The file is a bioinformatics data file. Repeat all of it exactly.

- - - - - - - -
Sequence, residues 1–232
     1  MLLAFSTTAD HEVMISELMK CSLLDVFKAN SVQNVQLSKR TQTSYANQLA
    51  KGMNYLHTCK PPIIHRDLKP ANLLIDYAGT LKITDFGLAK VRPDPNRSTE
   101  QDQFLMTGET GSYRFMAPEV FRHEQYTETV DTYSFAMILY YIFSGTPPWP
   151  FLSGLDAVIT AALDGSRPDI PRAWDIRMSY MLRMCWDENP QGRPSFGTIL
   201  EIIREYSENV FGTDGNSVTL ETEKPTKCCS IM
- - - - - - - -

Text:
Sequence, residues 1–232
     1  MLLAFSTTAD HEVMISELMK CSLLDVFKAN SVQNVQLSKR TQTSYANQLA
    51  KGMNYLHTCK PPIIHRDLKP ANLLIDYAGT LKITDFGLAK VRPDPNRSTE
   101  QDQFLMTGET GSYRFMAPEV FRHEQYTETV DTYSFAMILY YIFSGTPPWP
   151  FLSGLDAVIT AALDGSRPDI PRAWDIRMSY MLRMCWDENP QGRPSFGTIL
   201  EIIREYSENV FGTDGNSVTL ETEKPTKCCS IM